X2: X-Men United

Bryan Singer has done what many wanted to do: created a hugely successful comic book franchise. The arrival of X2 was inevitable because of the popularity of the first, just as more X-Men sequels will surely come along. It helps that the comic book upon which the movies are based have a huge supply of character to choose from in adapting them from page to screen. X2: X-Men United is loosely adapted from the graphic novel God Loves, Man Kills by Chris Claremont and Brent Anderson. The story picks up right after the events of the first film, with Magento (Ian McKellan, The Two Towers, The Fellowship of the Ring) in a jail of plastic, and Professor X (Patrick Stewart, Star Trek: Nemesis, Jimmy Neutron: Boy Genius) still teaching young mutants at his school for 'gifted' youngsters.

This film is better than the first in that it doesn't need to take the time to set up all the characters. The cast is large, but most of them have established personalities and powers from the first. It can focus more on action, and Singer (X-Men, Apt Pupil) makes sure to put in as many action sequences as possible. The problem is that the film feels more like a collection of action sequences, separated by bits of underdeveloped story. Even with story and screenplay credit going to Singer, Daniel P. Harris (The Killing of Candice Klein, Urban Chaos Theory), Michael Dougherty (Season's Greetings), David Hayter (The Scorpion King, X-Men), Zak Penn (Behind Enemy Lines, Inspector Gadget), the story still feels like a shell of something else. There are enough characters so the script can get away with skimping on character development, but story development is more essential. Luckily, Singer and crew are savvy enough to cover this up with all the hallmarks of a huge summer action movie.

The special effects are amazing, and the action sequences are intense. Each mutant has his/her own special power, spectacularly brought to life by special effects. It's only been a couple years, but the effects still look much better than in the first film. Among the newcomers include Nightcrawler (Alan Cumming, Nicholas Nickleby, Spy Kids 2), a blue, Catholic, teleport who looks like a demon, Bobby Drake (Shawn Ashmore, The Big House, X-Men), who can freeze things, and Pyro (Aaron Stanford, Tadpole, The 25th Hour), who can control fire. There are plenty of opportunities for all the mutants to use their powers, and Singer doesn't disappoint with the fight scenes. He has vividly brought to life scenes that were once only drawings in comics.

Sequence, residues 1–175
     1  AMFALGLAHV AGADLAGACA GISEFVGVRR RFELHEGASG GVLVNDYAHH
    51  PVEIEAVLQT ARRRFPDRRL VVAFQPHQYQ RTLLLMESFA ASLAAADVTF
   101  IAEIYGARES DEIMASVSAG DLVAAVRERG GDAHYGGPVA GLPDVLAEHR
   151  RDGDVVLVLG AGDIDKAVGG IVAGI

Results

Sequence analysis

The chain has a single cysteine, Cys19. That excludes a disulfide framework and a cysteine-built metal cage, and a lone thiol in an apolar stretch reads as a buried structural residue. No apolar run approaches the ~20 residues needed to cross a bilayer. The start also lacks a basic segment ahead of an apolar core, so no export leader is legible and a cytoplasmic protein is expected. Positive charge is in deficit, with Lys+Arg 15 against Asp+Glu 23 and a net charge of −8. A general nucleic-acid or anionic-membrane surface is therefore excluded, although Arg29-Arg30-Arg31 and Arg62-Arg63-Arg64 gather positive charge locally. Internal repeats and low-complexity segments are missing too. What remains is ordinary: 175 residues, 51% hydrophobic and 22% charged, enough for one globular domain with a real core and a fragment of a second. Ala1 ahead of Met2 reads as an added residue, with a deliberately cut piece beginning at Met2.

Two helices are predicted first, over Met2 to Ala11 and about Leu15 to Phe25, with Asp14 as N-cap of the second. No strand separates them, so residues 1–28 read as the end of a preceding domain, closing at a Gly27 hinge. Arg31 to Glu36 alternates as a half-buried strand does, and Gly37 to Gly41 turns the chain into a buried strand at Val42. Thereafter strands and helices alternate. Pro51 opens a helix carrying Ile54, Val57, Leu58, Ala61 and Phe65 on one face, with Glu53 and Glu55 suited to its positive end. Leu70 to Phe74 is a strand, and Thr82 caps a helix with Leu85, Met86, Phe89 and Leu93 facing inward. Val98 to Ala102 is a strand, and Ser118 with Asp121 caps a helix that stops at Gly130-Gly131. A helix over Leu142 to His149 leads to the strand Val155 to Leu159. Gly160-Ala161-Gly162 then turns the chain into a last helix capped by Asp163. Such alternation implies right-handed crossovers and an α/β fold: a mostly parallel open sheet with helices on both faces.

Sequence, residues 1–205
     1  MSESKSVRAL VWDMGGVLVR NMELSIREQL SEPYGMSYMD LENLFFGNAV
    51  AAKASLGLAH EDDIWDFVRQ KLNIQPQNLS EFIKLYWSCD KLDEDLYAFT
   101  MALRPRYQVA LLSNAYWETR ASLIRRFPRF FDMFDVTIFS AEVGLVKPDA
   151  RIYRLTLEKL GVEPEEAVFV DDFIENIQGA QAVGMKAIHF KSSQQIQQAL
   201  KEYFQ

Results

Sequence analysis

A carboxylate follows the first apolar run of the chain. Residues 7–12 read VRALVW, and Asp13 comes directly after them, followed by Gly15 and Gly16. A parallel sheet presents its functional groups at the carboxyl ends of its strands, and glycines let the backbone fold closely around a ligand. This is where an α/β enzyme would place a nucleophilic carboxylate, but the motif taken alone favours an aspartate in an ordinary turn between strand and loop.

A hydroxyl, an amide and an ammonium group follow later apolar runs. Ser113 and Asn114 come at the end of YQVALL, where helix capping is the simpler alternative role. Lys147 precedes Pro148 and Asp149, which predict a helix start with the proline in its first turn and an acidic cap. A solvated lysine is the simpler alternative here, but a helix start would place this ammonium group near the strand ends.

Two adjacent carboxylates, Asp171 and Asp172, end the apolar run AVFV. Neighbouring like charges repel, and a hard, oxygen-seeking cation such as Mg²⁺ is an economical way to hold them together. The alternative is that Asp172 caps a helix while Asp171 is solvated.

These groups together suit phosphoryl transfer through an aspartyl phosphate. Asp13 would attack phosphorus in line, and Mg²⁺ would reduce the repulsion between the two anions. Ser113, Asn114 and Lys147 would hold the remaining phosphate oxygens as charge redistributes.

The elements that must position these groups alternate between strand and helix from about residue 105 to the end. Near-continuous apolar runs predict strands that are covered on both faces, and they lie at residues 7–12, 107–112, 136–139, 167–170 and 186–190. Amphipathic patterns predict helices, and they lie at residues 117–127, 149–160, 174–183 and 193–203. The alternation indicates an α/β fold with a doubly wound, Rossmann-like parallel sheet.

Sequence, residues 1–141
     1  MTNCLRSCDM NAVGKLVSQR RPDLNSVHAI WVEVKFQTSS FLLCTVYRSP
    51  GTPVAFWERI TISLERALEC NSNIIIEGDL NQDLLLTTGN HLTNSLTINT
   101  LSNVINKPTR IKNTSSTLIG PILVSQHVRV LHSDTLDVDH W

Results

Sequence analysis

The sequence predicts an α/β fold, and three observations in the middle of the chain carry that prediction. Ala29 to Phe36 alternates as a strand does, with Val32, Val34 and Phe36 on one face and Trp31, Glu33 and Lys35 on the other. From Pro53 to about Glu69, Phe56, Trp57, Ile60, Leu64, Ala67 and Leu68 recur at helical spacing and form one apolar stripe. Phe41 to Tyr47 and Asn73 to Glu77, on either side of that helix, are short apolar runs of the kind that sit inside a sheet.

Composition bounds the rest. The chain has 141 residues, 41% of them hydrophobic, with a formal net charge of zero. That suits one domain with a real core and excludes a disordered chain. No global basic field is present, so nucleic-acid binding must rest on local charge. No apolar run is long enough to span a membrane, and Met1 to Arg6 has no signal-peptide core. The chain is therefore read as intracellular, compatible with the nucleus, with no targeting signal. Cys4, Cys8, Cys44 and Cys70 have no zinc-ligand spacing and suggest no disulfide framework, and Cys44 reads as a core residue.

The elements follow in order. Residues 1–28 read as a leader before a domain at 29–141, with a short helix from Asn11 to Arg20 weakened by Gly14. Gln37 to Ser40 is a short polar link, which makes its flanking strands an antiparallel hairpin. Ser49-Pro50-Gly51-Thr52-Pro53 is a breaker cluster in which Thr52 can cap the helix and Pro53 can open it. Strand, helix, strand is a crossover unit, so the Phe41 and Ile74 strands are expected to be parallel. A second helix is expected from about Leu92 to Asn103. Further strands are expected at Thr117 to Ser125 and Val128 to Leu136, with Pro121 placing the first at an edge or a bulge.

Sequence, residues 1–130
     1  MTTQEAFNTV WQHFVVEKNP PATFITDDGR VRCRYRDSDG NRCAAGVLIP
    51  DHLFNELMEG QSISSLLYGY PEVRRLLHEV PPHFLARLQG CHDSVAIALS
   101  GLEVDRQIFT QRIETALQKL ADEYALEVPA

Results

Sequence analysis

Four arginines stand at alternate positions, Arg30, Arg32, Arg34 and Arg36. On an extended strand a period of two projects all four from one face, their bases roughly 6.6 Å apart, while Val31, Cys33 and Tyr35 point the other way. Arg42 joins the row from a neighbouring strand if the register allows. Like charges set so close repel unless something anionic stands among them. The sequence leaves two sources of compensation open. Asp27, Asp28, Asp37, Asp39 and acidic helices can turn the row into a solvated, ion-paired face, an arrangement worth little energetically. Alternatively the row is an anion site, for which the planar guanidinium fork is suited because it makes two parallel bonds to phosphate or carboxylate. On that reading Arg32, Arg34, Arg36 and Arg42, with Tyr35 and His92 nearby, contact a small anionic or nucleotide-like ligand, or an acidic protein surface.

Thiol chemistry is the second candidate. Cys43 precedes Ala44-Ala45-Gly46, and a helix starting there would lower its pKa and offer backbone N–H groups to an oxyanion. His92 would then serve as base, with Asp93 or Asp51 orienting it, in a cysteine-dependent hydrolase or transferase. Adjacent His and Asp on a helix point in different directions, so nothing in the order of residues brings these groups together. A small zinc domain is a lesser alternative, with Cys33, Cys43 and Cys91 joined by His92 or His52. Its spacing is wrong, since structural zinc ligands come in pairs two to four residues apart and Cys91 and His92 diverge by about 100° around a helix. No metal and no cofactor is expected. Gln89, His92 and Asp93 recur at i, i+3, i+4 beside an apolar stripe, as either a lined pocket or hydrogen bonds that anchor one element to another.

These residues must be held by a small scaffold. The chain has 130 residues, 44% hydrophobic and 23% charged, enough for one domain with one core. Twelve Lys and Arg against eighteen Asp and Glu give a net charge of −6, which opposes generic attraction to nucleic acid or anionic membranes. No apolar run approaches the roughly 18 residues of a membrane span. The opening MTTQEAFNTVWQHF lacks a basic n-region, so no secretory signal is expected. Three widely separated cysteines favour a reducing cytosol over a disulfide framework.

This, combined with some formidable acting talent (chief among them McKellan and Stewart) make X2 a much better movie than it actually is. Another new addition is Brian Cox (The 25th Hour, Adaptation), one of the best actors working today (and they're all born overseas...hmm). Cox is William Stryker, a shadowy government figure who uses an attempted assassination of the President to launch a strike on Xavier's school. With Jean Grey (Famke Janssen, I Spy, Don't Say a Word) and Storm (Halle Berry, Die Another Day, Monster's Ball) off searching for the assassin, the mansion is overrun and the X-Men separated. Logan (Hugh Jackman, Kate & Leopold, Swordfish) is back after a failed attempt to discover something about his past, only to find that he and Stryker share some connection in the past. Almost all of the rest of the cast from the original is back, as is the main theme of acceptance. The X-Men comic has always been an allegory about social issues. On a large scale, the mutant/human conflict mirrors similar conflicts between different races and/or religions. On a small scale, each mutant feels the same alienation and loneliness that teenagers experience. However the film isn't as heavy as this sounds, and moves extremely quickly from one scene to the next. X-Men United is, at its core, a big piece of summer fluff, but it's really well done fluff.

Mongoose Rates It: Pretty Good.
2 hours, 14 minutes, Rated PG-13 for sci-fi action/violence, some sexuality, and brief language.

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